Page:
Screening this evening at 6:30 at the Lightbox is this gentle drama filmed on location in gorgeous Trentino-Alto Adige, Italy.
Dani (Jean-Christope Folly) is a refugee from Togo, flawed and broken, he is trying to hold his own life together, and cannot even bear to look at his baby daughter, because all he sees is his dead wife’s eyes looking back at him.
Michele (Matteo Marchel) is a young boy, flawed and broken, who has lost his father, suffers from nightmares, and takes out his grief on his equally stricken mother, Elisa (Anita Caprioli).
When Dani takes a carpenter’s job working with Michele’s grandfather, Pietro (Peter Mitterrutzner) the two meet, and their daily collection of wood allows them to get to know one another. And hopefully help each other.
Both of them open up to each other in ways they won’t with anyone else in their lives, and despite their differences the two become strong friends, and perhaps they can mend their flaws together.
Segre has crafted a film that doesn’t rush, much like Michele wandering through the woods taking in the sights, the film does as well, meandering gently through the story. When Dani is in town, at the apartment he lives in with his daughter, and a host of others, everything feels a little claustrophobic, but out amongst the mountains, everything opens up to beautiful vistas and sun painted leaves.
The title tends to give away the ending of the film, or at least when it is, but for both of the main characters, the film is a beautiful, coming of age tale for both of them. One is taking the steps towards manhood, and the other towards fatherhood, though I will openly admit there were moments when I was not happy at all with Dani, and the treatment of his daughter. I realize it was all in service to the character arc, but man, there were times…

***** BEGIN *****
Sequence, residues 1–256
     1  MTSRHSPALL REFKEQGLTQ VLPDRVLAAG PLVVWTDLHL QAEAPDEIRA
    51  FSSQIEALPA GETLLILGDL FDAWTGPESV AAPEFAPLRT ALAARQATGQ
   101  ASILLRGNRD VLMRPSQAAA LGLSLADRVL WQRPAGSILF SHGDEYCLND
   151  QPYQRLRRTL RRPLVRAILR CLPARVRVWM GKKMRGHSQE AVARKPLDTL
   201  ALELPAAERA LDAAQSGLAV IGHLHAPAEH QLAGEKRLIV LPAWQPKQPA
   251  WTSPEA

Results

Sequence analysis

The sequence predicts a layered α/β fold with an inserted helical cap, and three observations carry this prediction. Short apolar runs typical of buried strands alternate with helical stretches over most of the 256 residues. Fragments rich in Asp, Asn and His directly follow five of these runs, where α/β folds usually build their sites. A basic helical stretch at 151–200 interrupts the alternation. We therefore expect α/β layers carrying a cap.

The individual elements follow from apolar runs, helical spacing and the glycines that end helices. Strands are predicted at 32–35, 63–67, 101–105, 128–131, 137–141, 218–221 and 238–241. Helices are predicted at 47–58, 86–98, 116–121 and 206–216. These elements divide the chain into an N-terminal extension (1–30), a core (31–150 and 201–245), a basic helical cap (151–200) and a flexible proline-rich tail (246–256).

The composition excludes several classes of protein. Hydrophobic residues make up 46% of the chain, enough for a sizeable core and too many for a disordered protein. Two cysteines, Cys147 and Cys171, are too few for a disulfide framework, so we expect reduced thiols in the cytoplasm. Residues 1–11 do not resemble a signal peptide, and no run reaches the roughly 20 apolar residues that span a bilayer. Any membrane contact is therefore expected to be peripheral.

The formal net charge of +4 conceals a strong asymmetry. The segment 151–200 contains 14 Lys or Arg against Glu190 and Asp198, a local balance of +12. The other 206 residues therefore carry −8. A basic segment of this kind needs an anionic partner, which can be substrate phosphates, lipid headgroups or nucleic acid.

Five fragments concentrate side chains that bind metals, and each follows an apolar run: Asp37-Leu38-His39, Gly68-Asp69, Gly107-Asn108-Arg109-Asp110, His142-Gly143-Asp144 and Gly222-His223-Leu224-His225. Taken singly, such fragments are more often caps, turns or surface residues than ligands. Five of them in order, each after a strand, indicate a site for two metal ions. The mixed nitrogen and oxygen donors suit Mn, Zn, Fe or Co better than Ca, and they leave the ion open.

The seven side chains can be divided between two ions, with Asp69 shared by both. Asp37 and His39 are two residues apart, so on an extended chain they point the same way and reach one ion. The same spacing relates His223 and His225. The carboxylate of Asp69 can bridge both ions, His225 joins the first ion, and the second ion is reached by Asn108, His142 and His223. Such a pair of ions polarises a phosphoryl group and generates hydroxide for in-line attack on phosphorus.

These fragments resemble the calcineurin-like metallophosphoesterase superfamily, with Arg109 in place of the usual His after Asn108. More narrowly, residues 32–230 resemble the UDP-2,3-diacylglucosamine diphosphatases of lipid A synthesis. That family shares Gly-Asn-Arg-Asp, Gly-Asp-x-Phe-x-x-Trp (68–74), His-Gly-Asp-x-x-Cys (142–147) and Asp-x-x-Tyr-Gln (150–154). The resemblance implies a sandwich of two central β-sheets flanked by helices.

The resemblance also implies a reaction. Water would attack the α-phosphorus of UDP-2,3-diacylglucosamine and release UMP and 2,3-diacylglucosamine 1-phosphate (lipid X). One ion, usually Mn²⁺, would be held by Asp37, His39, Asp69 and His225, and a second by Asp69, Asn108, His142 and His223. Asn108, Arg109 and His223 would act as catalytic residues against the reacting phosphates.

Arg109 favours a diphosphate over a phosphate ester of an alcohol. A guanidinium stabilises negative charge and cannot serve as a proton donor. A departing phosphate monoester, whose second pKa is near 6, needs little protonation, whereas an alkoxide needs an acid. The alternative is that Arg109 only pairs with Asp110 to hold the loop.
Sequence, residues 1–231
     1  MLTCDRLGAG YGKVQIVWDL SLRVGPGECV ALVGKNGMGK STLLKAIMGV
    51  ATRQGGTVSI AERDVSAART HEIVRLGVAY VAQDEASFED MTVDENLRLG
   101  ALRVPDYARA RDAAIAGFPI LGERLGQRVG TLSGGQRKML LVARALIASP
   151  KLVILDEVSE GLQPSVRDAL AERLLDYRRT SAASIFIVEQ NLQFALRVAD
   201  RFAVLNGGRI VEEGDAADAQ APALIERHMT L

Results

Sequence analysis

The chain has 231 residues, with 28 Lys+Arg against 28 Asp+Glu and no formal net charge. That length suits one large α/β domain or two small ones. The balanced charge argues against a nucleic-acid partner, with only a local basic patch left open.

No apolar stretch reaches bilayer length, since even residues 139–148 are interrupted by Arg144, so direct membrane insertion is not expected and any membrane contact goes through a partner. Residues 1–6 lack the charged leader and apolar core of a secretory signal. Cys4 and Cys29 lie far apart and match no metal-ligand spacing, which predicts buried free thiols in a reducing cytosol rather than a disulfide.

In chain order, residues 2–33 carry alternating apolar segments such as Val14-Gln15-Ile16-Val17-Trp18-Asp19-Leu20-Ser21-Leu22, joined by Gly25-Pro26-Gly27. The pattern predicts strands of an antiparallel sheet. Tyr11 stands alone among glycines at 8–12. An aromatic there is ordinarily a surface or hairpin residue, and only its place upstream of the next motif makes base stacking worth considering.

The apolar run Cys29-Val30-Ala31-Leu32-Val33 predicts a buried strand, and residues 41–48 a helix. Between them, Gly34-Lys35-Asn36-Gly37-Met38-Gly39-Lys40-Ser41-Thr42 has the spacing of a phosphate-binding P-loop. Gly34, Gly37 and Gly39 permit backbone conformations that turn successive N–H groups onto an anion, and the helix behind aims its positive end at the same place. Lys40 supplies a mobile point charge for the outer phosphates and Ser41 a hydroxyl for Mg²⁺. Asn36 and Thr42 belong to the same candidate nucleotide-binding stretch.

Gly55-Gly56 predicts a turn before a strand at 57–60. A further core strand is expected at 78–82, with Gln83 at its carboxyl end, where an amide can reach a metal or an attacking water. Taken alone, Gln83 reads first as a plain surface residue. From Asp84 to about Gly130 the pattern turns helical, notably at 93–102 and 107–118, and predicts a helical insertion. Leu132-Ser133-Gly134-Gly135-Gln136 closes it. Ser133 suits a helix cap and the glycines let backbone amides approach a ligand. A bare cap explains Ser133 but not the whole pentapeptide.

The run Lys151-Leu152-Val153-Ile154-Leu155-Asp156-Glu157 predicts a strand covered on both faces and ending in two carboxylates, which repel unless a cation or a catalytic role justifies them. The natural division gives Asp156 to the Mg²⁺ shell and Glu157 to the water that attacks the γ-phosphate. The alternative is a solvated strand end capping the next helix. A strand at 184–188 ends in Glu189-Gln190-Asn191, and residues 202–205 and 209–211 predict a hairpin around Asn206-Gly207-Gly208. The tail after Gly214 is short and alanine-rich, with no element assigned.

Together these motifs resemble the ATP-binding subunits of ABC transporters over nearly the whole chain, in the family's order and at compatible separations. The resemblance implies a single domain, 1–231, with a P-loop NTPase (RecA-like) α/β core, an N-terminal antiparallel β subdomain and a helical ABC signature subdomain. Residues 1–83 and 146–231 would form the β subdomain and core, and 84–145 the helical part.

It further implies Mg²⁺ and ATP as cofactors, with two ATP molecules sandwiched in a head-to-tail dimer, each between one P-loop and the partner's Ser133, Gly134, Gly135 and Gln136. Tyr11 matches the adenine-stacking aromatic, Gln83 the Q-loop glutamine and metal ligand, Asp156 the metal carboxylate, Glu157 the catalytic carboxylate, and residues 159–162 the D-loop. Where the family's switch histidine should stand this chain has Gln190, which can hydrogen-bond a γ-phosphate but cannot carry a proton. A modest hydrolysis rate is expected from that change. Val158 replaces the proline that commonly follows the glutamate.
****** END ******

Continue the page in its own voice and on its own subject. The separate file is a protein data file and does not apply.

Watching Dani and Michele together is fun, because neither of them is entirely comfortable with who they are, and consequently aren’t entirely comfortable with each other, but upon realizing that neither is truly judging the other, they both begin to open up, leading to their final scene, when both of them are making truly large decisions.
There are spiteful moments on both of their parts, the moments when Dani is working on his woodworking, completely ignoring the fact that the ruckus is disturbing his sleeping daughter, or walking out on her while she cries, to the way Michele strikes out at his mother, hurting her with the death of his father.
A lovely character piece that is truly beautiful to watch.
The First Snowfall screens tonight at the Italian Contemporary Film Festival.
Have a look!